Federal relief loans issued for small businesses during lockdown are almost due
Small-business groups are asking the federal government to further extend the deadline for repaying Canada Emergency Business Account (CEBA) loans when the budget is tabled later this month, as few of the loans have been paid back.
Ottawa announced the creation of the CEBA program on April 9, 2020, and sent more than $49-billion to almost 900,000 businesses. It was the first and most widely used pandemic support program for businesses.
The original repayment deadline for the interest-free, partially forgivable loans was Dec. 31, 2022; after that, businesses would start paying interest and forfeit the forgivable portion of the loans. Last year, citing the challenges posed by the Omicron variant, Ottawa extended the deadline by 12 months.
But almost three years after the program began, most of the loans are still outstanding. Export Development Canada, the Crown corporation that oversees CEBA, said that just 13 per cent, representing $5.7-billion, were repaid as of the end of November, 2022.
Many of those businesses are still struggling with debt incurred during the pandemic, business groups say.
Dan Kelly, president of the Canadian Federation of Independent Business (CFIB), which lobbies on behalf of more than 95,000 small businesses, said his feeling is that Ottawa would like to turn the page on pandemic support programs. But that ignores the fact that debt is still a live issue for many businesses.
“While I’m sympathetic to that view – I never want to speak about COVID ever again – I don’t think that’s a wise idea because of the anchors of debt hanging around the necks of hundreds of thousands of small business owners right now,” he said.
There is no post-pandemic normal for one Ottawa small business owner Lucas Nault.
“The pandemic has destroyed my business, and my life,” he said.
Part of one of the hardest-hit industries, his Lucas Nault Hair Studio on Somerset Street at Ottawa was often locked down during the pandemic.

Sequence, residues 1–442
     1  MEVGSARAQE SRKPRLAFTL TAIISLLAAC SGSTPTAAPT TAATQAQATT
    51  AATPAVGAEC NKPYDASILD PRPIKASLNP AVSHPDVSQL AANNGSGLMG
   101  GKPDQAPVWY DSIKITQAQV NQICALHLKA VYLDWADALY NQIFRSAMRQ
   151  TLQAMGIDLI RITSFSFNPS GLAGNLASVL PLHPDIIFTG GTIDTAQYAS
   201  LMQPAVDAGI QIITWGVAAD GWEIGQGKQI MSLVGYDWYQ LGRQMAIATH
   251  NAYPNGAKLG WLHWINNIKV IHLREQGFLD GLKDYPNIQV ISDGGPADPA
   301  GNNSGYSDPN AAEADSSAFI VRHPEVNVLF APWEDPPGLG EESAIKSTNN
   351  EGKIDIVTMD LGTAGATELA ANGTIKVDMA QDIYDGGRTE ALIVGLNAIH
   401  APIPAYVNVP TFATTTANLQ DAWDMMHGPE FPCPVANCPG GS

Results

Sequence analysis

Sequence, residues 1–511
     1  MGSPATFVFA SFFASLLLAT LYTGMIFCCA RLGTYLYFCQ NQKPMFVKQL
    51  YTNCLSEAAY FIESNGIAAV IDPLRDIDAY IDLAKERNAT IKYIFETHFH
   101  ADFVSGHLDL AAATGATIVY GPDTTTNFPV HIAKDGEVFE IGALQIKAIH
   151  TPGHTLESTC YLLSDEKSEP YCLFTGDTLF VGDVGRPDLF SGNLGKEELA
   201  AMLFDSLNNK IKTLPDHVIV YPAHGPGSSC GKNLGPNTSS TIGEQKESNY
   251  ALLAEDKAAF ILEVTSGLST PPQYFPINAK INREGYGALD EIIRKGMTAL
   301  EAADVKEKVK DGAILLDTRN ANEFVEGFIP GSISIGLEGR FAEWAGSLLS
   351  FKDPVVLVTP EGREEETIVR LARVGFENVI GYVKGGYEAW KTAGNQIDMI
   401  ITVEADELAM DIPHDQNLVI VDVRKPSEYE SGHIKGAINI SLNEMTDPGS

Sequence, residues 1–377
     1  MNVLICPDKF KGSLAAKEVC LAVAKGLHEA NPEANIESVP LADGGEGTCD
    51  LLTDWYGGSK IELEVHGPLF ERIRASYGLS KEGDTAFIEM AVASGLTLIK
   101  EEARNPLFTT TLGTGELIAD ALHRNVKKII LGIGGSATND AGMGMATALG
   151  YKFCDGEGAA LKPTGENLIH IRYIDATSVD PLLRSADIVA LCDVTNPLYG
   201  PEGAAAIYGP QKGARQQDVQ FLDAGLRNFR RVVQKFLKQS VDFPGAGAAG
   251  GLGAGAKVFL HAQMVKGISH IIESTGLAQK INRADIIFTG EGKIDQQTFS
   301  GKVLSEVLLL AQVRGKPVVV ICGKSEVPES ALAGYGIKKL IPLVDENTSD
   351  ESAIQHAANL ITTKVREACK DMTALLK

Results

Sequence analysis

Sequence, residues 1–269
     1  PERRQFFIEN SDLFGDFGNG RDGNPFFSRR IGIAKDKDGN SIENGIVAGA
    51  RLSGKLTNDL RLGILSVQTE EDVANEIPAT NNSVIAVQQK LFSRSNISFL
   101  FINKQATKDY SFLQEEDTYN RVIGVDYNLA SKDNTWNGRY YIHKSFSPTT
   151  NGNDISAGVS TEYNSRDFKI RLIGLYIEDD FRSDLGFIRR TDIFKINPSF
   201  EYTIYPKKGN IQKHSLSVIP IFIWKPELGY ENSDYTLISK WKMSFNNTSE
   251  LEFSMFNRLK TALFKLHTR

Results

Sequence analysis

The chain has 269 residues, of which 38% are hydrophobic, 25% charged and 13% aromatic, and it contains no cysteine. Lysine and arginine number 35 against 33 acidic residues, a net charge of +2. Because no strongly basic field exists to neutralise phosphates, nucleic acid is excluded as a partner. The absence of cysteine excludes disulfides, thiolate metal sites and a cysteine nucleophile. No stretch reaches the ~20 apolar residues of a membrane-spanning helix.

He turned to CEBA early, with a $60,000 dollar Canada Emergency Account Loan helping him survive, at least temporarily.
“We’re at a point now where the debts are coming due, and the money is just not coming in the way it did pre-pandemic. Yet, they expect those things to be paid off quickly, and it’s just not a possibility – we’re going to see a lot of businesses close this year,” he said.
For eligible CEBA borrowers in good standing, repaying the balance of the loan on or before Dec. 31, 2023 will result in loan forgiveness of up to 33 per cent, up to $20,000. But Nault says other debts have piled up too, including taxes payable to the Canada Revenue Agency.
“And there’s no way I can pay my people, pay my debt, and pay the government at the same time. It’s just not feasible.”
He’s not the only one in this situation. OCOBIA, the Ottawa Coalition Of Business Improvement Areas conducted a survey of small businesses that sheds light on how small businesses are faring.
The majority are small businesses who have been operating for more than 6 years, and have less than 50 employees.
Among them, 69.5 per cent respondents reported that revenues were worse (this year) than 2019. 57 per cent intend to pay the full CEBA repayment by Dec. 31, 2023 to receive the 33 per cent debt forgiveness.
And 87.5 per cent say the CEBA loan repayment in full by Dec. 31 will impact business.
“What many businesses said, that if they are going to pay it back, it’s going to impact their growth; so, they will not be able to take that money and reinvest it into their business, they may have to lay off staff in order to payout, and some may just in fact close,” says OCOBIA Executive Director Michelle Groulx.
Groulx says many businesses would like to see a deadline extension or a greater portion of the loan forgiven.
“Understanding that when they did take this loan, nobody knew how long this battle was going to be and how hard they were going to be hit.”
And the hits continue — with labour shortages, and ongoing supply chain issues.
“Supply chain and labour shortages don’t just hurt existing businesses, but also businesses who are working to open,” says Judy Lincoln, Westboro Village Executive Director. “It takes longer to get your fit-ups done when you’re waiting for shelving units to arrive, for display units to arrive, when you’re trying to secure contractors.”
As for Nault, after 18 years in business – he says he’s hanging on by a thread.
“I’m not looking for handouts. I just want this problem to be solved properly by the government.”
The CFIB is asking the government to extend the loan-forgiveness deadline to Dec. 31, 2024.
Part of the article was reported by CTV News.